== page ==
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Queen Victoria

  • Object:

    Brooch

  • Place of origin:

    France (made)

  • Date:

    1851 (made)

  • Artist/Maker:

    Lebas, Paul Victor (carvers)
    Dafrique, Félix (maker)

  • Materials and Techniques:

    Shell cameo, mounted with gold, and set with emeralds and diamonds

  • Museum number:

    M.340-1977

  • Gallery location:

    Jewellery, Rooms 91, The William and Judith Bollinger Gallery, case 19, shelf D, box 2 []

This brooch shows the young Queen Victoria. The design is based on a portrait of her in Garter Robes by Thomas Sully painted 1838. The image on the brooch is in reverse from the portrait and it probably follows a lithograph by Henri Grevedon published in Paris in 1839 which is also in reverse. We think that the French jeweller Félix Dafrique showed this brooch at the Great Exhibition of 1851 in London. There he received a Prize Medal for his 'polychromic cameos'. Dafrique played a leading role in reviving the Renaissance fashion for commessi brooches. A commesso is a type of cameo further decorated with enamelled gold and jewels.

Physical description

Brooch set with a commesso portrait of Queen Victoria, shell cameo (Bull's mouth or Cassis rufa), mounted with gold, enamelled and set with table-cut and cabochon emeralds and rose-cut diamonds. The shell cameo is embellished with enamelled gold, diamonds and emeralds, and the gold frame is decorated with enamelled roses of Lancaster and York. The reverse of the shell is signed : 'Paul Lebas / Graveur / 1851 / Paris'. The gold mounts struck with the maker's mark of Felix Dafrique and a French export mark in use from 1840 onwards.

Place of Origin

France (made)

Date

1851 (made)

Artist/maker

Lebas, Paul Victor (carvers)
Dafrique, Félix (maker)

Materials and Techniques

Shell cameo, mounted with gold, and set with emeralds and diamonds

Marks and inscriptions

'Paul Lebas / Graveur / 1851 / Paris'
The reverse of the shell is signed

The gold mounts struck with the maker's mark of Felix Dafrique

The gold mounts struck with a French export mark in use from 1840 onwards

Dimensions

Height: 6.1 cm, Width: 6 cm, Depth: 2 cm, Height: 5.2 cm cameo, Width: 4.2 cm cameo

Object history note

New York Exhibition RF.1998/862

Shell cameo (Bull's mouth or Cassis rufa), mounted with gold, enamelled and set with table-cut and cabochon emeralds and rose-cut diamonds; gold frame with enamelled roses of Lancaster and York. The cameo is a free adaptation (reversed of Thomas Sully's portrait of Queen Victoria in Garter Robes, dated 1838 (a version of the painting in the Wallace Collection was engraved by Wagstaff and published in 1839). The reverse of the shell is signed : Paul Lebas/Graveur/1851/Paris. The gold mounts struck with the maker's mark of Felix Dafrique and a French export mark in use from 1840 onwards. Dafrique was probably responsible for reviving the Renaissance vogue for commessi, small works or art made from a combination of stones (in this case, shell is substituted for hardstone). The jeweller was awarded a Prize Medal at the Great Exhibition in 1851 for 'polychromic cameos', which probably included this example.

Descriptive line

Commesso of Queen Victoria, shell cameo, mounted with gold, enamelled and set with emeralds and diamonds, cameo carved by Paul Lebas and made by Félix Dafrique, France, 1851

Bibliographic References (Citation, Note/Abstract, NAL no)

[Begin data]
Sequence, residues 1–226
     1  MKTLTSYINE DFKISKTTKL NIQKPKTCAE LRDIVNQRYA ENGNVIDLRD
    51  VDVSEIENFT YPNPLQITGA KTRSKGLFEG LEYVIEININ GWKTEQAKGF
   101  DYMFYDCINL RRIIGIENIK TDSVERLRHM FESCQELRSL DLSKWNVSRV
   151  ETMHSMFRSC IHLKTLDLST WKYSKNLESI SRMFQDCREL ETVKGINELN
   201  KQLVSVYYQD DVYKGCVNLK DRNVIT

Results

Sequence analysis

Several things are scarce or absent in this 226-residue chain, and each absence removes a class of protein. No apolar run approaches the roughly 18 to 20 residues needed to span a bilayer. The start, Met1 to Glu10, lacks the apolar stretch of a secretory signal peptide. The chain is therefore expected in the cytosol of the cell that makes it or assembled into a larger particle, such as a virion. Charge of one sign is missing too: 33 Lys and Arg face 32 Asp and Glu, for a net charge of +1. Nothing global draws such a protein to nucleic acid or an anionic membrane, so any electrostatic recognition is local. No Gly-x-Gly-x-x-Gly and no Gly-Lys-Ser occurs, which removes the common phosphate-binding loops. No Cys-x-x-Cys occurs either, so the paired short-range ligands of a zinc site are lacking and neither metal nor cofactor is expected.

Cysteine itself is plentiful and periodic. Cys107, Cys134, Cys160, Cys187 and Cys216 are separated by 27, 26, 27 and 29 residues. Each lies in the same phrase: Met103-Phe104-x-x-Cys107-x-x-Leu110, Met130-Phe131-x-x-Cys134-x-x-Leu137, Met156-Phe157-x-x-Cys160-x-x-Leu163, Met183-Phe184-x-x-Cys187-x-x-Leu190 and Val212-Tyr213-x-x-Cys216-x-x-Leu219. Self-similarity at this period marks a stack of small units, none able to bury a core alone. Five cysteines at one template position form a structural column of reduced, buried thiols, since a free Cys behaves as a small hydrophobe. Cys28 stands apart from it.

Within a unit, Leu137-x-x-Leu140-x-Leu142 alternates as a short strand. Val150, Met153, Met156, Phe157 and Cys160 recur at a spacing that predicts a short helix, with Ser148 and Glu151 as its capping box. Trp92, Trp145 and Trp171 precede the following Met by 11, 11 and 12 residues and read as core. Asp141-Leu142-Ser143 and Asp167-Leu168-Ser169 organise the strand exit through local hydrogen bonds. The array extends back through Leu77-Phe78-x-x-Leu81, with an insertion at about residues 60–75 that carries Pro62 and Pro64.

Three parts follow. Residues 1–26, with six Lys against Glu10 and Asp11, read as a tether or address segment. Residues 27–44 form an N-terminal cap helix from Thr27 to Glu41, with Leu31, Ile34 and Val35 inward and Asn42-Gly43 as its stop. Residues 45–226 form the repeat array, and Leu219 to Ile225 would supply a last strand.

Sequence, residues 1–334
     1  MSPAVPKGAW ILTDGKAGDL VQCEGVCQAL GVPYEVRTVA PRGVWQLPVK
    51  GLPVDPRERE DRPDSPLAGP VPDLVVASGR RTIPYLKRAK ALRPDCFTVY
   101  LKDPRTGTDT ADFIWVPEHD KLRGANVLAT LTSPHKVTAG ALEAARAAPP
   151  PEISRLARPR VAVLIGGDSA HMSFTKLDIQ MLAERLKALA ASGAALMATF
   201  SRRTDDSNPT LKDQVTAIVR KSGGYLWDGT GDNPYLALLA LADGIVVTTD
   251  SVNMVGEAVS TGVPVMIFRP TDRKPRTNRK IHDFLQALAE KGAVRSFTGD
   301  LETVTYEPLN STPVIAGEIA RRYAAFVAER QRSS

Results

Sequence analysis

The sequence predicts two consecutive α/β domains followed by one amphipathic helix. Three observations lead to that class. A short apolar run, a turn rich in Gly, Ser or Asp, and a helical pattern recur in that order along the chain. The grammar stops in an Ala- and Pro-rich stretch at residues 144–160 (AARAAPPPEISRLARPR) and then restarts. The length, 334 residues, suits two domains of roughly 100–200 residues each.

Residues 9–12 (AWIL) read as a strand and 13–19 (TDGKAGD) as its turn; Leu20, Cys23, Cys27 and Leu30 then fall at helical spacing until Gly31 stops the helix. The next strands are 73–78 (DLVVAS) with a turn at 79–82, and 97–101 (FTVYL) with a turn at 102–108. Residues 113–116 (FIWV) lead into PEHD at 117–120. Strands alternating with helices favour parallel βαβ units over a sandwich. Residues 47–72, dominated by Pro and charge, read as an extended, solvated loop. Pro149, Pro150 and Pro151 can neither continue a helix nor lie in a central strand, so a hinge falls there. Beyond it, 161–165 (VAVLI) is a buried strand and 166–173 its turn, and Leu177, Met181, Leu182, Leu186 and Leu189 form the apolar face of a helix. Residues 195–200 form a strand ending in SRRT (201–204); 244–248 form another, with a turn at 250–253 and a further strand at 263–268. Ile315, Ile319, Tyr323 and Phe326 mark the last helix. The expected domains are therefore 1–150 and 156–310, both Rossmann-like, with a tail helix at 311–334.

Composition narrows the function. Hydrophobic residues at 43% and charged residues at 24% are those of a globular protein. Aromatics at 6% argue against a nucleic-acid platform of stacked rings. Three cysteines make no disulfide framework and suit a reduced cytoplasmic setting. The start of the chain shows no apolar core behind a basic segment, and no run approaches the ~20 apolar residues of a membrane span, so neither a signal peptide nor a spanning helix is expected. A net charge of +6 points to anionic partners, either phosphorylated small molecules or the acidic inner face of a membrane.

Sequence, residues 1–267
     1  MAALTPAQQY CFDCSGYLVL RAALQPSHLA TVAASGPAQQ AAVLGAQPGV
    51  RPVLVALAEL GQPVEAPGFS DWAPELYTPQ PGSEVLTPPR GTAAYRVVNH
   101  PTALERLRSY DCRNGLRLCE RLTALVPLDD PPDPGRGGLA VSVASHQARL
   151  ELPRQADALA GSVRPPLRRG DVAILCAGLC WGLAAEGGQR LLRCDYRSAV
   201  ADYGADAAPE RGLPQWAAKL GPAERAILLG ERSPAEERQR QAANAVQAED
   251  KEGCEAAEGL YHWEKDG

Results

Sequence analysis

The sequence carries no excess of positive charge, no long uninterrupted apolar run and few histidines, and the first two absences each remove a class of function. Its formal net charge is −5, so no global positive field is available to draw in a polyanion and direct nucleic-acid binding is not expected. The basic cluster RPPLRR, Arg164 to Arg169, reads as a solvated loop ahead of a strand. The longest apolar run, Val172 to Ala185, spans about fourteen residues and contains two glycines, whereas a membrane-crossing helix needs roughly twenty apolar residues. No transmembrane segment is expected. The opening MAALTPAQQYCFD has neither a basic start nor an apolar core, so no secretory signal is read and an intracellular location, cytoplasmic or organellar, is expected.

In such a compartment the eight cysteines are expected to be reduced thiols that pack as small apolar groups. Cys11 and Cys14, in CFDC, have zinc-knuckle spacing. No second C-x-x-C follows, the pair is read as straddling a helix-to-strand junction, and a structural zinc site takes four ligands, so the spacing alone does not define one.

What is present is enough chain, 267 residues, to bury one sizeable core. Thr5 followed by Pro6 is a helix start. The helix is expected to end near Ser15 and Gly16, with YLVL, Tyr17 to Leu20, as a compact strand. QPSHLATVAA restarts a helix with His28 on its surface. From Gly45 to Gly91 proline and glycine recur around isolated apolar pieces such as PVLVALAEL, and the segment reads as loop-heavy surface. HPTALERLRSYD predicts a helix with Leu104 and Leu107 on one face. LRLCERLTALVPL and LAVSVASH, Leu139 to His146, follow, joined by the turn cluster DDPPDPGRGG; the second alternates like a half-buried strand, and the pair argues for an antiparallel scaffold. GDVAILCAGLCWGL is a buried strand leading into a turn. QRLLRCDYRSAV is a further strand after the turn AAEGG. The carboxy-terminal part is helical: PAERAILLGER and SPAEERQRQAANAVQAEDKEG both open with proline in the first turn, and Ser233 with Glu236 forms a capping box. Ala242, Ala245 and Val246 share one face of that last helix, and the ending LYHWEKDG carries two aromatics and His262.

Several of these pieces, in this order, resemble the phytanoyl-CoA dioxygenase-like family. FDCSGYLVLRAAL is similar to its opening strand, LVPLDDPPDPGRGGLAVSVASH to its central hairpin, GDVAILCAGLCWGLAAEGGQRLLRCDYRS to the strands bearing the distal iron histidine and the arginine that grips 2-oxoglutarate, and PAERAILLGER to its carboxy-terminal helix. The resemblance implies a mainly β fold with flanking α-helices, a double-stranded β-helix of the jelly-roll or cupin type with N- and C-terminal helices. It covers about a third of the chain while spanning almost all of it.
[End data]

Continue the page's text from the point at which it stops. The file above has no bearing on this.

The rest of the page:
Hidden Treasures, an interactive made by Rory Matthews and the William and Judith Bollinger Gallery team, 2008. Available in the gallery and on the V&A website.
Princely magnificence : court jewels of the Renaissance, 1500-1630: An exhibition at the Victoria and Albert Museum, 15 Oct. 1980-1st Feb. 1981., V&A 1980, p.133, cat. H2

Bury, Shirley Jewellery 1789-1910 (Woodbridge, 1991), vol i, pp. 227-8, 243
Gere, Charlotte The Art of the Jeweller: A Catalogue of the Hull Grundy Gift to the British Museum : Jewellery, Engraved Gems, and Goldsmiths' Work, Volume 1, p. 136

Labels and date

COMMESSO of QUEEN VICTORIA
Shell cameo (Bull's mouth or Cassis rufa), mounted with gold, enamelled and set with table-cut and cabochon emeralds and rose-cut diamonds; gold frame with enamelled roses of Lancaster and York. The cameo is a free adaptation (reversed) of Thomas Sully's portrait of Queen Victoria in Garter Robes, dated 1838 (a version of the painting in the Wallace Collection was engraved by Wagstaff and published in 1839). The reverse of the shell signed: Paul Lebas/Graveur/ 1851/ Paris.
FRENCH (Paris): 1851.
The gold mounts struck with the maker's mark of Félix Dafrique and a French export mark in use from 1840 onwards. Dafrique was probably responsible for reviving the Renaissance vogue for commessi, small works of art made from a combination of stones (in this case, shell is substituted for hardstone). The jeweller was awarded a Prize Medal at the Great Exhibition of 1851 for 'polychromic cameos', which probably included this example.
M.340-1977 [1982]
Brooch with portrait of Queen Victoria
France, Paris, dated 1851; cameo by Paul Lebas (active 1829-70), gold mounts made by Félix Dafrique
Shell cameo mounted in gold, enamelled and set with emeralds and diamonds
The cameo taken from Thomas Sully's portrait of Queen Victoria in Garter robes, 1838
Probably shown at the Great Exhibition, London, 1851
Museum no. M.340-1977 [2008]

Materials

Shell; Gold; Emerald; Diamond

Subjects depicted

Cameo; Crowns (headdresses); Bow (ribbon); Beauty; Monarchy; Queens (people); Flowers (plants); Fur, Ermine; Portraits; Chains

Categories

Images Online; Jewellery; Portraits; Royalty; Great Exhibition

Collection

Metalwork Collection

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